Leap Ahead in Your Recovery

Last Updated: Feb 24th 2020

Reviewed by Brittany Polansky

Leap Ahead in Your Recovery

2016 is one of those special years, a year in which we get to commemorate a big event that only comes around once every 1,460 days. No, we’re not talking about the Presidential Election, nor even the Olympics. We’re talking about Leap Day—an extra 24 hours to reach your goals and fulfill your dreams!

For those in recovery, it’s an extra day to work on your health, your wholeness, your long-term sobriety.

Of course, recovery is a journey that lasts a lifetime, and there are no short cuts or secret remedies. With that said, there are plenty of things you can do to make that extra day count—to really push your recovery to the next level.

Some tips:

  • Talk to a friend or family member. Be open with them about your struggle—about its triggers, about its extent, about how it makes you feel. Admit your need for love, encouragement, and care.
  • Reach out to 1st Step about getting the clinical care you need. Don’t wait until you hit rock bottom. Start actively pursuing a life of recovery today!
  • Find a local support group or aftercare program. Devote yourself to meeting with these folks at least once a week—sharing your story, being candid about your struggle, getting encouragement for your recovery.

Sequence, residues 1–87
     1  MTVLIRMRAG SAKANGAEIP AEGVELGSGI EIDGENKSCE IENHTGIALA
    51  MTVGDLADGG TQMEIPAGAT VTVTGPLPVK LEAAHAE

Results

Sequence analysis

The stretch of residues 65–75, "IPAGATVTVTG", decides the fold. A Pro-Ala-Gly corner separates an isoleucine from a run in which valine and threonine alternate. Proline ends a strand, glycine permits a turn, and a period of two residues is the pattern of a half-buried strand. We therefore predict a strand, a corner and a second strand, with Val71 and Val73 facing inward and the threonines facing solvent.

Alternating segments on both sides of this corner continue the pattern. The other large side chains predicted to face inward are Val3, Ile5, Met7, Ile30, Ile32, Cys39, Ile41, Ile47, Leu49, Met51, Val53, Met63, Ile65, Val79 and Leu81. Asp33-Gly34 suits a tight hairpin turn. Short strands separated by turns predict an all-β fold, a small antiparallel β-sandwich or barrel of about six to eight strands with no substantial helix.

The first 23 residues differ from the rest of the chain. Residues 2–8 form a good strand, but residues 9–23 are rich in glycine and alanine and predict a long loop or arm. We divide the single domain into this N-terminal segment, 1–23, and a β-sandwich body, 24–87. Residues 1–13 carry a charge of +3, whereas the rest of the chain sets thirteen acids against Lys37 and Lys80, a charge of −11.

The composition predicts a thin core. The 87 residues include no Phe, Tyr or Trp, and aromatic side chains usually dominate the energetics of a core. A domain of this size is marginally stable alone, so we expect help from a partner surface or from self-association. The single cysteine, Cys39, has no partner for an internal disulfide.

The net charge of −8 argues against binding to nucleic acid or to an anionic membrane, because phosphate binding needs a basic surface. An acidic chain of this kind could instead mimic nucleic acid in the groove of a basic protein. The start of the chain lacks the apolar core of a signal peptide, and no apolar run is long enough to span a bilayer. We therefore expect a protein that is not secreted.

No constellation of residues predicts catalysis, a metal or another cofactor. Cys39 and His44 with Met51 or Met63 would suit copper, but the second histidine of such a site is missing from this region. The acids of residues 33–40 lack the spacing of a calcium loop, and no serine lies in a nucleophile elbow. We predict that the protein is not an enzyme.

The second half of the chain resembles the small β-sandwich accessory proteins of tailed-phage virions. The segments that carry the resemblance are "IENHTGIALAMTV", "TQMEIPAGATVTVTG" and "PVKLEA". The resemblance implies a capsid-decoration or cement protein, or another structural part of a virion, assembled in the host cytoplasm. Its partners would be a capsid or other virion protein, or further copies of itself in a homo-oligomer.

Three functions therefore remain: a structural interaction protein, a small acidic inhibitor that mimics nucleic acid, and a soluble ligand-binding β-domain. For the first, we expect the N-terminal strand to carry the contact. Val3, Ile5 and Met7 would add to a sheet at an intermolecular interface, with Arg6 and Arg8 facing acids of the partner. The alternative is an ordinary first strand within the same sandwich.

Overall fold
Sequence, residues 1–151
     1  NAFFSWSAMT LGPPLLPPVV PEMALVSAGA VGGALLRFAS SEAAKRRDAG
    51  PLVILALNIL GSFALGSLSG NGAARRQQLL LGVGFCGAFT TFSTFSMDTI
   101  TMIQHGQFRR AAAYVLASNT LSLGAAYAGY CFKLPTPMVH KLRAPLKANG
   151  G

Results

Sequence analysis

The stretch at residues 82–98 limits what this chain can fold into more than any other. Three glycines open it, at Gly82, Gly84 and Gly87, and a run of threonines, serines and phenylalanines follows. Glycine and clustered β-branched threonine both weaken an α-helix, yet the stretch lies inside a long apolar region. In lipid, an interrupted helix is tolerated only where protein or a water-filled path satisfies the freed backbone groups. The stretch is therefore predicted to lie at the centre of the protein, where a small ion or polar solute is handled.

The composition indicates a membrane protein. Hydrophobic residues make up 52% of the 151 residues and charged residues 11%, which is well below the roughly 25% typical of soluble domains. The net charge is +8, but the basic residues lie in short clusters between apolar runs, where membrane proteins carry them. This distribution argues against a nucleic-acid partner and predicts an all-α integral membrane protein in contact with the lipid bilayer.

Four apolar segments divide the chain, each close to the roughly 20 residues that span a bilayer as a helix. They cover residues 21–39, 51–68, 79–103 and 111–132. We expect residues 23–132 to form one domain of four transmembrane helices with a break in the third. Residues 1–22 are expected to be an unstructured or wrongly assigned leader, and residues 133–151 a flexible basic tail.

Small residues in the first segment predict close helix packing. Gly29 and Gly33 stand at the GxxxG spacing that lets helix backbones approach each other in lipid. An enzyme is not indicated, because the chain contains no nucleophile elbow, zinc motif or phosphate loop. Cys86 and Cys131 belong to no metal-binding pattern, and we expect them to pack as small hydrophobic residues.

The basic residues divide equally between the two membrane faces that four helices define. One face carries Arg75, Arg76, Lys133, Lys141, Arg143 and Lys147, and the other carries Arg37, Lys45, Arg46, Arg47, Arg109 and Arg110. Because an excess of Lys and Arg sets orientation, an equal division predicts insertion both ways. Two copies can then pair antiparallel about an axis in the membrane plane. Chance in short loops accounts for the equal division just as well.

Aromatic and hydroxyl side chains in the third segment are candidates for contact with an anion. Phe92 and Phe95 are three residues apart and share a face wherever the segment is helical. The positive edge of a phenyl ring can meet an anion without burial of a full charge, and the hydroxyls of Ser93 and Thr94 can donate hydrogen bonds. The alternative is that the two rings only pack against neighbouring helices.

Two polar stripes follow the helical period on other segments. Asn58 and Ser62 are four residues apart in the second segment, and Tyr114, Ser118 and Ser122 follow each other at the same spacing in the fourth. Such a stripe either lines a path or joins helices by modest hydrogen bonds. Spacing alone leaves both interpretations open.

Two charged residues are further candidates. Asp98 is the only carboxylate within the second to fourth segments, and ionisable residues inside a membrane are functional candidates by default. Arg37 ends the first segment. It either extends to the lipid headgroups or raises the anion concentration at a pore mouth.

• Find an avenue for you to channel your stress and anxiety, in a healthy Invest your Leap Day in learning yoga, practicing meditation, starting a journal, or losing yourself in a favorite art form or hobby.
  • Make a concentrated effort to surround yourself with people who encourage you—to build a positive environment in which your recovery can flourish.

There is much you can do to accelerate your recovery process—and this is as good a month as any to make that big leap forward!

What would you add to our list? Share a tip with us on Facebook!

Reviewed for Medical & Clinical Accuracy by Brittany Polansky

Brittany PolanskyBrittany has been working in behavioral health since 2012 and is a Primary Clinician at our facility. She is an LCSW and holds a master’s degree in social work. She has great experience with chemical dependency and co-occurring mental health diagnoses as well as various therapeutic techniques. Brittany is passionate about treating all clients with dignity and respect, and providing a safe environment where clients can begin their healing journey in recovery.